Aims/Objectives Our aim was to evaluate a single seminar-based teaching session using teaching materials from a local GP out-of-hours service provider. This presented the theoretical aspects of telephone consultation and allowed students to practise and develop skills using role-play scenarios. These seminars, for 32 groups of 11- 12 fourth year medical students, took place in the 2015/2016 academic year. It was evaluated by questionnaires completed by both students and facilitators.
Content The method and results of the analysed questionnaires are outlined on the poster and included quantitative and free text questions. The responses were analysed for any recurring themes and trends.
Relevance/Impact Telephone consultations are now commonplace in general practice and increasingly being used in secondary care. They made up 10-20% of GP practice consultations in 2014 and over 40% in out-of-hours GP services 1. To date there has been no formal teaching of telephone consultation to medical students within the university leaving many junior doctors feeling underprepared post qualification.
Outcomes There was a positive response from students with a significant increase of their self-reported confidence in consulting by telephone. Students’ concerns centred around missing cues and ‘red flags.’ Facilitators felt that their own skills improved as a result of the session.
Discussion Although the session did highlight some areas for improvement it was rated highly by both students and facilitators. There are plans to develop this seminar as well as introducing further advanced communication skills into other parts of the curriculum.
Reference: 1.National Audit Office, http://www.nao.org.uk/report/
519 Pear shaped – responding to adversity
Background As part of a Postgraduate Certificate in Medical Education I was asked to give a ten minute presentation to my fellow students on any aspect of training. I chose a very difficult situation in which my ST3 had to work through the consequences of a patient suicide. I used the presentation to analyse the way we both responded, how we had to alter our training schedule and what we learned about resilience and personal growth along the way.
Summary of Work My reflections on the process were presented in the form of an extended poem in which I considered our emotional responses to the event and proposed some tools to enable a good response to difficult, unexpected situations, both for trainers and trainees. Choosing to express my reflection in the form of poetry helped work through the aftermath and focused our training into positive ways to move forward. The poster represents the text of the poem along with some of the visual ideas that were incorporated into the presentation.
Conclusions The proposed tools for dealing with adversity that are expressed in the poem are transferable to different situations for trainers, and represent a message of hope that is accessible and practical. Poetry is a powerful tool for communicating ideas and the presentation has resonated with many who have heard it. I would be happy to perform it again.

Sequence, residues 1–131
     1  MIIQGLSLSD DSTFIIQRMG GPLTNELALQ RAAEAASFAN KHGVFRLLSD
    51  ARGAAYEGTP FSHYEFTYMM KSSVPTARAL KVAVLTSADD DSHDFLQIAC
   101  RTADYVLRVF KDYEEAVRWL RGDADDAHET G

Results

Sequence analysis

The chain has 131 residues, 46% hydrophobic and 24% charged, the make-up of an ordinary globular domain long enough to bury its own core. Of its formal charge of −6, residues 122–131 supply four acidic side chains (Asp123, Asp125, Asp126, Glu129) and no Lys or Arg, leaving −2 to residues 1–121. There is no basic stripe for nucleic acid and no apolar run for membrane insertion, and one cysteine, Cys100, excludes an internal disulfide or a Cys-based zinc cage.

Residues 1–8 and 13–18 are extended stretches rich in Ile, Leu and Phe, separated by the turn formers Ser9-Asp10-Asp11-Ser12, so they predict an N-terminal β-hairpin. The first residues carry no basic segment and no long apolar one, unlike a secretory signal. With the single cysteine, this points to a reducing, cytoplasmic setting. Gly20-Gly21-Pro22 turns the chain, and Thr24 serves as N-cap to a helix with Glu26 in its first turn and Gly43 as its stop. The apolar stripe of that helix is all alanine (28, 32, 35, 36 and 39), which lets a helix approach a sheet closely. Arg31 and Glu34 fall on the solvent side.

520 Perinatal mental health: innovative approaches to education
National and local agendas identify the imperative to improve perinatal mental healthcare. Reports suggest poor education provision for GPs. Our GP scheme piloted an innovative programme involving multi-professional and patients in co-production.
Humanities resources were intertwined with factual teaching. Sessions were designed to enable learning discussions between patients and professionals, increase knowledge, experience and empathy, to achieve better navigation of existing services and explore opportunities for improving care. The programme comprised of three half-day sessions: An innovative humanities workshops using live dramatisation, video, art installations, literature, film and popular culture.
Artists and academics who were service users taught on the patient experience and the impact of illness on family networks and society. A multi-disciplinary approach in detection and treatment, taught by a mental heath midwife, psychiatrist, social worker, GPs and patients. Inspirational approaches for quality improvement were co-created by trainees, multi-professionals, patients and local community members working with parents of young children.
Initial evaluation has revealed that service-users and NHS workers enjoy learning together, sharing stories and co-designing new approaches in care. 100% of participants would recommend this programme to others.90% of trainees could directly apply this learning to their GP and secondary care patients. 80% of trainees felt prepared to embark on QIP in this area. 100% participants reported improved knowledge of perinatal mental symptoms, pharmacological treatments, specialist mental health services and social prescribing to third sector organisations eg. PANDA, postnatal groups.
Addressing this topic sensitively may increase GP trainee resilience: A few trainees with unidentified personal perinatal health needs were empowered to seek support. We hope to further evaluate the impact of this education by following up GP trainee QIP activities.